Cooperative learning refers to instructional methods in which students work in small groups to learn academic content. Cooperative learning methods vary widely. Group sizes may range from pairs to groups of four or more. Children may be asked to work on projects, to tutor each other, or just to help each other as needed. Each group member may be responsible for a unique part of a task, or all may have the same assignments.
There are four major theoretical traditions that attempt to explain why cooperative learning should improve student learning. Each envisions and recommends different forms of cooperative learning.
Motivational theories of cooperative learning focus on the reward structure surrounding group work. Motivational theorists advocate the use of cooperative learning methods in which there is a group reward (such as recognition for successful groups) that the group can achieve only if all group members learn the academic content. For example, in “student teams— achievement divisions,” or STAD, children work in four-member teams to help each other master a well-defined objective, such as adding fractions, using commas correctly, or balancing chemical equations. Each week, group members take a brief quiz and teams whose members show the greatest gains receive certificates or other recognition. The only way the team can succeed is for the group members to learn, so this is where the group’s energies are focused. A key element of such methods is individual accountability, which means that the group is rewarded based on the sum or average of individual children’s performance, not on an overall group task. The rationale is that if there is one group task (such as solving a single problem or completing a common project without distinct roles), some children may do the thinking part of the work while others watch or do clerical or art work (as when one child makes a bar graph and teammates color it).
The evidence favoring cooperative learning methods that use group goals and individual accountability is strong. A 1995 review identified 64 studies of at least 2 weeks’ duration that evaluated programs incorporating group goals and individual accountability. These studies involved grade levels 2 through 12 and a wide variety of academic subjects. Fifty of these studies found significantly positive effects, and the remainder found no differences, for an effect size of +0.32. In contrast, studies of programs that did not use group goals and individual accountability found few differences, with an overall effect size of +0.07.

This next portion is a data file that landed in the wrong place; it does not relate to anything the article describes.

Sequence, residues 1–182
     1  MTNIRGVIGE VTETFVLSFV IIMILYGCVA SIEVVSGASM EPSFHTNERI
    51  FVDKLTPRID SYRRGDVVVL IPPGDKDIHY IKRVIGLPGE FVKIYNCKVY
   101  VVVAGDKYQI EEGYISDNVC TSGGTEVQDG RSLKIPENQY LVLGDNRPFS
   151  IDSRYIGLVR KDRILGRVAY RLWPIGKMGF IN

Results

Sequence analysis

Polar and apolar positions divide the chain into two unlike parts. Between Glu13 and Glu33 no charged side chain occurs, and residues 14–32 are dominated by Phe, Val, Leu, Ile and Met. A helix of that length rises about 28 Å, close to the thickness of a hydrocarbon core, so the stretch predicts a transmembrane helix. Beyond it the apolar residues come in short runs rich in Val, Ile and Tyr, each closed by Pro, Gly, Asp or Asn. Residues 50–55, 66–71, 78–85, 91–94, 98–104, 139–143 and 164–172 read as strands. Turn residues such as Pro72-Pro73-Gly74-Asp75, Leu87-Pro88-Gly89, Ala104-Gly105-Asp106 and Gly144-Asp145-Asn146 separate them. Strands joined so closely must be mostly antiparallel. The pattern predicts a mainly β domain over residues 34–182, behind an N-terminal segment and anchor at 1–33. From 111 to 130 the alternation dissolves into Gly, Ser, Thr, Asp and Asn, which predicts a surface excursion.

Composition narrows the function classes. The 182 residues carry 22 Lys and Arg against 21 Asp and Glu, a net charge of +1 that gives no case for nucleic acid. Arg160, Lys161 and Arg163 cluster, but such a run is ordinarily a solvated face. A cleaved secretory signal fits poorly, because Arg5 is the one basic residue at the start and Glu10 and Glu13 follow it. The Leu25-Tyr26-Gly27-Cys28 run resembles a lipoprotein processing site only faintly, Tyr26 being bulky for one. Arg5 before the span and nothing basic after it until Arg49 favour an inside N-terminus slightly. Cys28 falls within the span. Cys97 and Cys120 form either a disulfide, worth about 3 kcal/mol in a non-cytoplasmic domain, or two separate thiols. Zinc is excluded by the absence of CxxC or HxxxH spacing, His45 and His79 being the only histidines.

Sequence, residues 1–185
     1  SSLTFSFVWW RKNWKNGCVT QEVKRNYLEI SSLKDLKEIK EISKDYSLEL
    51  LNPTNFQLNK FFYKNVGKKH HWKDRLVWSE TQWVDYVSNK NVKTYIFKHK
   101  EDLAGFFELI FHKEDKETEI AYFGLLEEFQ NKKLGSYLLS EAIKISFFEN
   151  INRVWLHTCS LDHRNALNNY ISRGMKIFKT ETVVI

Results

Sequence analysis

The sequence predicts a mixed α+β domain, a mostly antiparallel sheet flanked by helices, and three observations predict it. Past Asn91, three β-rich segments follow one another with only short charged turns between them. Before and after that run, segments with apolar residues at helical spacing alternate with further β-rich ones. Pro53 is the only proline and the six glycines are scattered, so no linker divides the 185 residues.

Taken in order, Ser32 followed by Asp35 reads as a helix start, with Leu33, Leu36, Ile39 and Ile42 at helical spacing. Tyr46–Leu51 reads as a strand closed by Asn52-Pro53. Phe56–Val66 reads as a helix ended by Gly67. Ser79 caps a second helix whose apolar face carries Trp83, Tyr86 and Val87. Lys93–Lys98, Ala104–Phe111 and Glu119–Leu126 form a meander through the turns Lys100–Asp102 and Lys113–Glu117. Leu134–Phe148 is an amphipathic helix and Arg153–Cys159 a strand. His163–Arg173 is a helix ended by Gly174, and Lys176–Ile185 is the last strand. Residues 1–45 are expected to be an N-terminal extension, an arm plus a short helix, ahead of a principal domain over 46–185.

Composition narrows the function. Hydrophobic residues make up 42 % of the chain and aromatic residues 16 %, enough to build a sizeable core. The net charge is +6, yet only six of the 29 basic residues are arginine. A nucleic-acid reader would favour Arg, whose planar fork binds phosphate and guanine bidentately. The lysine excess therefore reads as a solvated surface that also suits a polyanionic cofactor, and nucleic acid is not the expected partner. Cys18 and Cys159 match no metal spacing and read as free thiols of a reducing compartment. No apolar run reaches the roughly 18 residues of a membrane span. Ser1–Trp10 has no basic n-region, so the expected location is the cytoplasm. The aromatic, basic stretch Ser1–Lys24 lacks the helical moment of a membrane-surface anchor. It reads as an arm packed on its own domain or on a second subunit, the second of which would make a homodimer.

A second major perspective on cooperative learning is social cohesion theories, which emphasize the idea that because students identify with their group and want each other to succeed, they will work effectively to help their group-mates learn. A hallmark of such methods is an emphasis on team-building activities to create an “esprit de corps” within groups, but a de-emphasis on the use of external rewards.
Evidence for achievement outcomes of programs based on the social cohesion perspective is mixed. Such methods can be effective if they provide well-structured individual tasks within a group project.
A developmental perspective, based on theories of Piaget and Vygotsky, holds that interaction among peers enhances their mastery of critical concepts, and theorists in this tradition recommend against rewards or structure. There is much evidence from brief laboratory studies to support the idea that cognitive change can come from interaction itself, but longer-term evaluations in classroom settings have been rare and inconclusive.
A related perspective is called cognitive elaboration, which posits that cooperative learning enhances achievement by giving children an opportunity to master information by summarizing and restating their current understandings in working with peers. Methods in this category often involve pairs of students taking turns teaching each other discrete skills or content. Methods based on this theory, such as reciprocal teaching, cooperative scripts, and reciprocal peer tutoring have strong evidence of effectiveness.
Cooperative learning can be broadly applied to improve student learning, but research supports the idea that to be effective, cooperative methods should incorporate group goals, individual accountability, and task structures to emphasize cognitive elaboration of academic content.
- Cooperative Learning Center at the University of Minnesota, http://www.co-operation.org
- Fantuzzo, W., Polite, K., & Grayson, N. (1990). An evaluation of reciprocal peer tutoring across elementary school settings. Journal of School Psychology, 28, 309–333.
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- Rohrbeck, A., Ginsburg-Block, M. D., Fantuzzo, J. W., & Miller, T. R. (2002). Peer-assisted learning interventions with elementary school students: A meta-analytic review. Journal of Educational Psychology, 94(2), 240–257.
- Slavin, R. , Hurley, E. A., & Chamberlain, A. M. (2003). Cooperative learning and achievement: Theory and research. In W. M. Reynolds & G. E. Miller (Eds.), Handbook of psychology: Vol. 7 (pp. 177–198). Hoboken, NJ: Wiley.